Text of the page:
PHOTO: Troy Germain steps away from the microphone at Thunder Road after this weekend. Steve Longchamp (right) is one of three announcers who will take over for him in 2011. (Justin St. Louis/VMM photo)
BARRE — The Milk Bowl is the toughest challenge drivers face every year at Thunder Road. For Troy Germain, though, this year’s event is likely the toughest challenge of his professional life.
After ten seasons behind the microphone at the “Nation’s Site of Excitement,” Germain will sign off on Sunday evening for the final time as the voice of the Barre track. He says that his time at Thunder Road has not only been well spent in developing his career, but also in developing his lifestyle — as a gay man in a straight man’s world.
LOOKING FOR MORE
Germain is moving to Fort Lauderdale, Fla., to pursue, as he puts it, “social and cultural opportunities” not found in rural northern New England. He came out in the open about his sexuality not long after he began announcing with the American-Canadian Tour and Thunder Road in 2001.
He says that now, at 35 years old, he’s become increasingly ready to find something new, both professionally and personally. Not only does Florida present more opportunities to advance his announcing career, but finding a partner in the St. Johnsbury area where he has lived for several years — or for that matter, the whole of Vermont or his native northern New Hampshire — has been difficult.
He will spend the days immediately following the Milk Bowl in Florida at his new home before returning north on Thursday to load a moving trailer. He will then drive the trailer to the American-Canadian Tour championship finale at Waterford Speedbowl in Connecticut on Saturday; after his announcing duties are done on Sunday, he leaves directly for Fort Lauderdale.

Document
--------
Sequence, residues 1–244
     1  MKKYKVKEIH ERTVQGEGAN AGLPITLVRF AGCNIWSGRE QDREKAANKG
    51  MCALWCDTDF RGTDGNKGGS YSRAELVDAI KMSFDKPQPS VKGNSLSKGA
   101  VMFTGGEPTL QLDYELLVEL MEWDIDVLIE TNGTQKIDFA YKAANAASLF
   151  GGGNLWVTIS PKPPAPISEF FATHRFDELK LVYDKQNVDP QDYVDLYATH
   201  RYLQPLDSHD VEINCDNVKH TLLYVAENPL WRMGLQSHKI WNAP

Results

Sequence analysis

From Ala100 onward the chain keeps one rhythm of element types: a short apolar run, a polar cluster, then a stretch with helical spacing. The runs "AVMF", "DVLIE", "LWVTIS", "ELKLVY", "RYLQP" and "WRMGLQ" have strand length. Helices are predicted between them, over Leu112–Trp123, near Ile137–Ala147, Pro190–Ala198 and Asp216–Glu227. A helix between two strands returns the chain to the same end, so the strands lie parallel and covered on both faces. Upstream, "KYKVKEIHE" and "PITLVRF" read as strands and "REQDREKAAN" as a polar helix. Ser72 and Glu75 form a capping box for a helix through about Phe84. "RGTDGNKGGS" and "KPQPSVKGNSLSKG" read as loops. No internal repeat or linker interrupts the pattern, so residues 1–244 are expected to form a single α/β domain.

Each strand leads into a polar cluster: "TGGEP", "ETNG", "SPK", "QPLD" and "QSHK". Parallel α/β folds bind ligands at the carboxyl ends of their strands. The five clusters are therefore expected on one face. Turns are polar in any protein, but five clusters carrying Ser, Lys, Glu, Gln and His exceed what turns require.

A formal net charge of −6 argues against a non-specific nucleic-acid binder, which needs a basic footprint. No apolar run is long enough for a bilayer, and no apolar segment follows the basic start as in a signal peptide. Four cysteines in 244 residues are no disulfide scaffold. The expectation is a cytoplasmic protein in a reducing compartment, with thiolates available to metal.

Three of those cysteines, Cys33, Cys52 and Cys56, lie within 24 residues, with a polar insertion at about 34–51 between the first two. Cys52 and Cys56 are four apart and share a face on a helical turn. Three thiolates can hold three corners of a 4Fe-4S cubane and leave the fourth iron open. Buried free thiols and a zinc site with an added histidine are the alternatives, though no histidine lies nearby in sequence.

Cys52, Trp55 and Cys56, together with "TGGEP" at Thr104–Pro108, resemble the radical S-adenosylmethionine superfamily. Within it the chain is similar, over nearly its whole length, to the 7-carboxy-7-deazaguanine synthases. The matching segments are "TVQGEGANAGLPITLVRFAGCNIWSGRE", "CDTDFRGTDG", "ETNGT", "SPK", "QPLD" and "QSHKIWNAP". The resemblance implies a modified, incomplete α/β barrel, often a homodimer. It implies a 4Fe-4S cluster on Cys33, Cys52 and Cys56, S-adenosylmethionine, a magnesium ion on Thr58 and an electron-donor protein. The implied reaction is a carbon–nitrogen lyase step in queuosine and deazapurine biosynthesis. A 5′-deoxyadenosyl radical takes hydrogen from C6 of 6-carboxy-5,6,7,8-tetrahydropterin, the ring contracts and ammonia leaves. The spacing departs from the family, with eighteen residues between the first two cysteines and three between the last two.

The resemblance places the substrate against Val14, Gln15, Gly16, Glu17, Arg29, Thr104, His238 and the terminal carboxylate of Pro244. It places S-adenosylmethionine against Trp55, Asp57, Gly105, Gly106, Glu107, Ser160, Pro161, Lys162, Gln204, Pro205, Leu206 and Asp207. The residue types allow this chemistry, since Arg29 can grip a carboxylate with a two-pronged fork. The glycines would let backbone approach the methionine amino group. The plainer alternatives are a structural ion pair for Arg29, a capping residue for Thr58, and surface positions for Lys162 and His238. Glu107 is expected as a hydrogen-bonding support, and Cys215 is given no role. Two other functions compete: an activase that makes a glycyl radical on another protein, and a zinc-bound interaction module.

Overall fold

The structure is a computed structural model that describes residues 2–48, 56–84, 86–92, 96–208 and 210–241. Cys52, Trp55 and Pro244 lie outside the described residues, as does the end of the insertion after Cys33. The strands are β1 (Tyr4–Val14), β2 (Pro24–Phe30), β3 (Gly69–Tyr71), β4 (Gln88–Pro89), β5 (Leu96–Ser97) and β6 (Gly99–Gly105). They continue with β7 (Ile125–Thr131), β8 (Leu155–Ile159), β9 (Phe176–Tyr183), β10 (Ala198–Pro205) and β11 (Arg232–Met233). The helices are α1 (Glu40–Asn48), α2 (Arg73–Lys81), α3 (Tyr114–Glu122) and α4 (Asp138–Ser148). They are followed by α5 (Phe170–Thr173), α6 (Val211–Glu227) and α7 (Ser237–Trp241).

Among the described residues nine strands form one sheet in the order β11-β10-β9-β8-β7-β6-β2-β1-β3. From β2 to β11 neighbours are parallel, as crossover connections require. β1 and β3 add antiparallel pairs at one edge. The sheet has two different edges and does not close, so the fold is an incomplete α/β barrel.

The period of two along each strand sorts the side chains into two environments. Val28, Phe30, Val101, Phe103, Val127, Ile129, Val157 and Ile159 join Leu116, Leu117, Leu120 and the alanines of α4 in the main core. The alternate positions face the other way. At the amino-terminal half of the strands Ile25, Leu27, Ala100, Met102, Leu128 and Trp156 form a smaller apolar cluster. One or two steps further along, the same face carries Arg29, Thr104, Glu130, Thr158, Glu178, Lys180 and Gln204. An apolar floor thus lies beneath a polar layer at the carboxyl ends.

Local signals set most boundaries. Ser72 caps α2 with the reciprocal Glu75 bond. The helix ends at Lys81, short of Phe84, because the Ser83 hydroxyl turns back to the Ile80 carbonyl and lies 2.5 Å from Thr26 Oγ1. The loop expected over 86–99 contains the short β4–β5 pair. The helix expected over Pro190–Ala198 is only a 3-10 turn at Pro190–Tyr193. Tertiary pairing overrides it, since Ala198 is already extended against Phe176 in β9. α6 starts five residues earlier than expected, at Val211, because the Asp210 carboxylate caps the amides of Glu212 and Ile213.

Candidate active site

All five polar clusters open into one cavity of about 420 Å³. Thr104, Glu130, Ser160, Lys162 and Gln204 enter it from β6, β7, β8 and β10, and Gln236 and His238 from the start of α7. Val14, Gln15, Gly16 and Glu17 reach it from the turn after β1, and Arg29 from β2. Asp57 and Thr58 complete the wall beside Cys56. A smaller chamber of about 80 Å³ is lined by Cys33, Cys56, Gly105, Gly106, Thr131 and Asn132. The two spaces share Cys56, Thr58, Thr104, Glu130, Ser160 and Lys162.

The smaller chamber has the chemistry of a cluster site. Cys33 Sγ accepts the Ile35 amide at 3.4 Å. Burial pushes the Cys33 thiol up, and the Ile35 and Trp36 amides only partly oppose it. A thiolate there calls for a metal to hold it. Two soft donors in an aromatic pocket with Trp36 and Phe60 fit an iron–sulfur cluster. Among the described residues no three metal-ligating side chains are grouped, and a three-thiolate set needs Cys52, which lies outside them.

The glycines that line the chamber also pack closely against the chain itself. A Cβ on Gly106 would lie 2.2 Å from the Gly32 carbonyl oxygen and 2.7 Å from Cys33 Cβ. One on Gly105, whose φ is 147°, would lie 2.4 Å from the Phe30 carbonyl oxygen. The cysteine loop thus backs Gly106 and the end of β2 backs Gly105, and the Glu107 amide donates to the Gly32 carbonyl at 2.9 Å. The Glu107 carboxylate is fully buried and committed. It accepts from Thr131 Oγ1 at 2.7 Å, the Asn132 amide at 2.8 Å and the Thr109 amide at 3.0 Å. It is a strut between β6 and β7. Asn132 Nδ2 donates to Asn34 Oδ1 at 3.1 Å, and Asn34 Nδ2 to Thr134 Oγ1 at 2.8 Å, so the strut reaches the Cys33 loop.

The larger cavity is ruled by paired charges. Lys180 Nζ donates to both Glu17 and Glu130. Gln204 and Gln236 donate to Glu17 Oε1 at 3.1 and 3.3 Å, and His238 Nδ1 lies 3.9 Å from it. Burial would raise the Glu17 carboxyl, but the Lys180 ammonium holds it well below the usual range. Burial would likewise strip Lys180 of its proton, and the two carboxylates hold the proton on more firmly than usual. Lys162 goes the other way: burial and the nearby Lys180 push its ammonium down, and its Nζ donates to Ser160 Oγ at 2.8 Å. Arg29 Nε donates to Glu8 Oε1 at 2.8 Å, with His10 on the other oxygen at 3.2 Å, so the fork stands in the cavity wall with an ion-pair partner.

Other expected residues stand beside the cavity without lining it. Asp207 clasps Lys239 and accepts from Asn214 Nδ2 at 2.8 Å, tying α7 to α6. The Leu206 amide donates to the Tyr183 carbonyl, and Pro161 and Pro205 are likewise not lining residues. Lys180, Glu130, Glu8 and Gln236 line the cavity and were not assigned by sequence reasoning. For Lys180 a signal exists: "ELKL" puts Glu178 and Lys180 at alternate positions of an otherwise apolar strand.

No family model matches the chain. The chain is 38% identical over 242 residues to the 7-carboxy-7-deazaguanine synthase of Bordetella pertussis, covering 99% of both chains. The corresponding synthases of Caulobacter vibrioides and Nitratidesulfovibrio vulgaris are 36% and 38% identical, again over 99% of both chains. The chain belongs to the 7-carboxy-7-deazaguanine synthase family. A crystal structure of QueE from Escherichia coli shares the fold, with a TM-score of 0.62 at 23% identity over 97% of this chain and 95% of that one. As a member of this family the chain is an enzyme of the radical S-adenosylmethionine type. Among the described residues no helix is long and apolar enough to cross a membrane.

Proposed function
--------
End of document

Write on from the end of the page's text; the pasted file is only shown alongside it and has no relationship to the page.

Germain has already landed a full-time job at a Miami radio network reporting news and traffic, and says he is “confident” that he will work anywhere between three and ten NASCAR events on the nationally-syndicated Motor Racing Network, at times alongside his Thunder Road predecessor, Dave Moody. Germain has a handful of MRN broadcasts on his resume including the Nationwide Series event at Road America and a Grand-Am Road Racing event at Watkins Glen, both in June.
“The down side about moving to southern Florida,” Germain says, “is that there are no short tracks within two hours of where I’ll be living.”
STANDING “OUT” IN RACING
Germain said that despite any anti-gay stereotyping that some feel stock car racing carries with it, he has never felt any pressure to leave because of his sexuality.
“If there’s any pressure on me, it’s pressure to stay in Vermont and keep working here,” he says. “Some of that is from within myself, but it’s mostly from my co-workers or from racers. I’m leaving with the understanding that the doors are always open, but I’m not planning on walking through them.”
Germain says that he’s been interested in moving to Florida for several years, but has stayed in Vermont because he loves his job.
“I use this as an excuse to stay every year, but the winters are long and I’m enjoying them less and less,” he said. “I’ve had more fun and enjoyed this season more than the last five. I feel like I’m probably in my prime and I’m probably the best I’ve ever been. I don’t want to sound arrogant or conceited, but I’m starting to realize the recognition I’ve been getting. I don’t do it for the ‘Hey, nice job,’ but it’s nice to hear.”
Part of that recognition has been from the “underground gay racing community”, which Germain says is a lot larger than most people understand. It’s his hope that by not hiding his sexuality while in the spotlight, others might follow his lead and come out.